Police Ban, Shut Down Large Protestant Church in China's Capital

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china-cross4-011818.jpg A church member guards a cross on the roof of a Protestant church in Wenzhou in a file photo.

Authorities in Beijing have raided and shut down a large Christian church amid nationwide raids targeting Protestant groups, particularly those not registered as "patriotic" with the ruling Chinese Communist Party.

The bureau of civil affairs in Beijing's Chaoyang district issued a notice banning the Zion Church on Sunday, saying it had broken rules by organizing mass gatherings without registering with the authorities.

Photos sent by church members to RFA showed police officers sitting outside the church's now-shuttered entrance following a raid during which police confiscated the church's "illegal promotional literature."

Xu Yonghai, an elder of the Beijing house church Christian Saints Love Fellowship, said the church has now been "sealed off" by police, and its members forbidden to gather there.

"Our brothers and sisters can't get inside any more," Xu said. "The police and religious affairs bureau officials sought [church leaders] out for a chat."

"I don't know where they are going to meet for worship after this," he said.

Social media posts by Zion Church members said police descended on the church as soon as the Sunday service was over, in a huge operation that saw fire and rescue vehicles, ambulances and large buses parked outside the building where the church was located.

A church elder surnamed Yi said more than 100 police officers and government officials had burst into the church premises on Sunday, detaining some church members who tried to stop them shutting the place down.

"There were a lot of police vehicles, and even fire and rescue vehicles and ambulances," Yi said. "Their pretext was that we hadn't registered [with the government-backed Three-Self Patriotic Association of Chinese Protestants]."

"About 200 people came [to resist], but they couldn't get back inside the church by that time," he said. "About 15 people were taken aboard the bus."

"We can't get in; they have even changed the locks, and left people to stand guard," Yi said. "

An officer who answered the phone at the Chaoyang district police department declined to comment when contacted by RFA on Monday.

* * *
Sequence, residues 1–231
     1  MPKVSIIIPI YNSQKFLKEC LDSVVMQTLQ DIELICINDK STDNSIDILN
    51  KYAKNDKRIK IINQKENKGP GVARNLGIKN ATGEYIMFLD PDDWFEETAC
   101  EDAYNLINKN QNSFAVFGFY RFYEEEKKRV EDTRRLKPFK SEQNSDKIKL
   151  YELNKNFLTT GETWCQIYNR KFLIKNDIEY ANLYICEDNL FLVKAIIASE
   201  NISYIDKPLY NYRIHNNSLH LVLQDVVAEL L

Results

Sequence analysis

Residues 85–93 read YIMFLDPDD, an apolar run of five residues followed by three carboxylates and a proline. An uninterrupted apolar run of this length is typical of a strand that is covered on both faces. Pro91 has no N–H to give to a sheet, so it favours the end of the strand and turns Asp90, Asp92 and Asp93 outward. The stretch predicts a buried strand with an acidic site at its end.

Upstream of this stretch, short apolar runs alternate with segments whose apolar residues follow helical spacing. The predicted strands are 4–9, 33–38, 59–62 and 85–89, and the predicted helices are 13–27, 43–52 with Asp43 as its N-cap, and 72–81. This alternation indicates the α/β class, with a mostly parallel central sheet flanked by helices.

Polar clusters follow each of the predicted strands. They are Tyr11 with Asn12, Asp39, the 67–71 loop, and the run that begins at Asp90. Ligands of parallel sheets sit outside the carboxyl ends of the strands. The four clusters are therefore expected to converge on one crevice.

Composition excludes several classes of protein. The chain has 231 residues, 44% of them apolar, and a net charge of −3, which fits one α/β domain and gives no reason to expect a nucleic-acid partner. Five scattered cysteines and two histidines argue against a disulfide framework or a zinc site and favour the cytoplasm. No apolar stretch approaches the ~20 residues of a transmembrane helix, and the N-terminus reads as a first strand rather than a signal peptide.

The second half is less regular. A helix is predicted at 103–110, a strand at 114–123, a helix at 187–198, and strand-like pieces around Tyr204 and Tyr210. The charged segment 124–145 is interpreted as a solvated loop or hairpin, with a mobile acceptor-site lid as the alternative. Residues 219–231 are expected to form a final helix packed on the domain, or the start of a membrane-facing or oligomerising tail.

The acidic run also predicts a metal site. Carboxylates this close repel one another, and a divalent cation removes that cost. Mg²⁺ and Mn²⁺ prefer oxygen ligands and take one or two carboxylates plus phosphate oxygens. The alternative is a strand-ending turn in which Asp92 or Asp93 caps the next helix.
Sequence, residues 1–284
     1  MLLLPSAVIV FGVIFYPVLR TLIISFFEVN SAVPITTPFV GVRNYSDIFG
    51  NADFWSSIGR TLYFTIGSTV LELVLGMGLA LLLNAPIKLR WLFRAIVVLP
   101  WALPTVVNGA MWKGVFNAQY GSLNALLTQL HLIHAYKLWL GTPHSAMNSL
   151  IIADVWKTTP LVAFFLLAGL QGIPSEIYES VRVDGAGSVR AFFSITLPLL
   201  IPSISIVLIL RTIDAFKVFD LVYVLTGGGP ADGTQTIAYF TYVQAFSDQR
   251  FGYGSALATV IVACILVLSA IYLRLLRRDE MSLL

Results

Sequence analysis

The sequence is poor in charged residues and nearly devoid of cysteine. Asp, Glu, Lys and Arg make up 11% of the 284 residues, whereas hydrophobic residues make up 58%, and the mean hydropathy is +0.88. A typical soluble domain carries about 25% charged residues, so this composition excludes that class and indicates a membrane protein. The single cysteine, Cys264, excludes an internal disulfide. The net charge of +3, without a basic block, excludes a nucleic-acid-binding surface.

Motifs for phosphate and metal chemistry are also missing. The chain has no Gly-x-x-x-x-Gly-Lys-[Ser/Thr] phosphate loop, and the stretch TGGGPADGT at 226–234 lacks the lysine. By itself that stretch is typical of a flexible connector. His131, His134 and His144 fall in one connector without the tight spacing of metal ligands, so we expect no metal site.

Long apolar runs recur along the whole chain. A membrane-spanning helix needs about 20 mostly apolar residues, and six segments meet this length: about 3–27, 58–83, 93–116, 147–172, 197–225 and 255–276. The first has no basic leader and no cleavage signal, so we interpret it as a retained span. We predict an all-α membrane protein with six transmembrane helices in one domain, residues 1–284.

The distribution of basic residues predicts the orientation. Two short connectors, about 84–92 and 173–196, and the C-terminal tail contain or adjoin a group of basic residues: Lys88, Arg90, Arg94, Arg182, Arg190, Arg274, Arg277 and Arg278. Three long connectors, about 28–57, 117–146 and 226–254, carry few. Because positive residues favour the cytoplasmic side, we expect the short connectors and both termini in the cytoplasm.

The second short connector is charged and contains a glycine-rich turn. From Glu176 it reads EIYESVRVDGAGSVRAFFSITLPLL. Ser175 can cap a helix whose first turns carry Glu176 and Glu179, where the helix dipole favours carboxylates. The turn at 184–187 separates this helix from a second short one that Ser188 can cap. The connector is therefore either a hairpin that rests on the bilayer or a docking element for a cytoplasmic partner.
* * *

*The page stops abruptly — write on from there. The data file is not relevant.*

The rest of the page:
"I don't really know about this," the officer said. "You should contact the propaganda department."

But repeated calls to the Chaoyang district propaganda department and the department of civil affairs rang unanswered during office hours on Monday.

Authorities raid the Zion Church in Beijing's Chaoyang district, Sept. 9, 2018.
Authorities raid the Zion Church in Beijing's Chaoyang district, Sept. 9, 2018.
Photo courtesy of church members
'House churches' targeted

The raid on Zion Church comes after similar raids on Protestant churches in the central province of Henan in recent weeks, and is part of an ever-widening nationwide operation targeting unofficial "house churches" across China, according to Ma Ke, a pastor in the southern province of Guangdong.

"There has been no let-up," Ma said. "They have come after us, too, taking photos and calling us up."

A Protestant church member who asked to remain anonymous said police had also raided Protestant churches in the southwestern city of Chengdu and the central city of Zhengzhou on Sunday, for breaching a recently amended law on religious groups.

"They were all house churches, and they have all been prevented from holding any more gatherings," the church member said. "I can't understand why they want to target Protestants. The law is supposed to limit evil-doers, but now it's targeting the good people. I just don't get it."

"Perhaps the values of Protestant Christianity are entirely at odds with those of this regime: one is on the side of the light, while the other is on the side of darkness," he said.

Religious controls

In April, the administration of President Xi Jinping asserted its control over all religious practices among its citizens.

"Religions in China must be Chinese in orientation and provide active guidance to religions so that they can adapt themselves to the socialist society," according to a white paper on religious affairs published at the time.

Religious believers must "be subordinate to and serve the overall interests of the nation and the Chinese people ... and support the leadership of the Chinese Communist Party," the white paper said, which includes "integrat[ing] religious teachings and rules with Chinese culture."

Last month, authorities in Henan flew the red flag of the People's Republic of China over the Shaolin Temple for the first time in the temple's 1,500-year history.

Overseen by officials of the Chinese Communist Party's United Front Work Department, which is campaigning for religious groups to show their "patriotism," monks at the temple raised the red flag with its five gold stars at a "grand" ceremony.

Reported by Wong Lok-to for RFA's Cantonese Service, and by Yang Fan for the Mandarin Service. Translated and edited by Luisetta Mudie.


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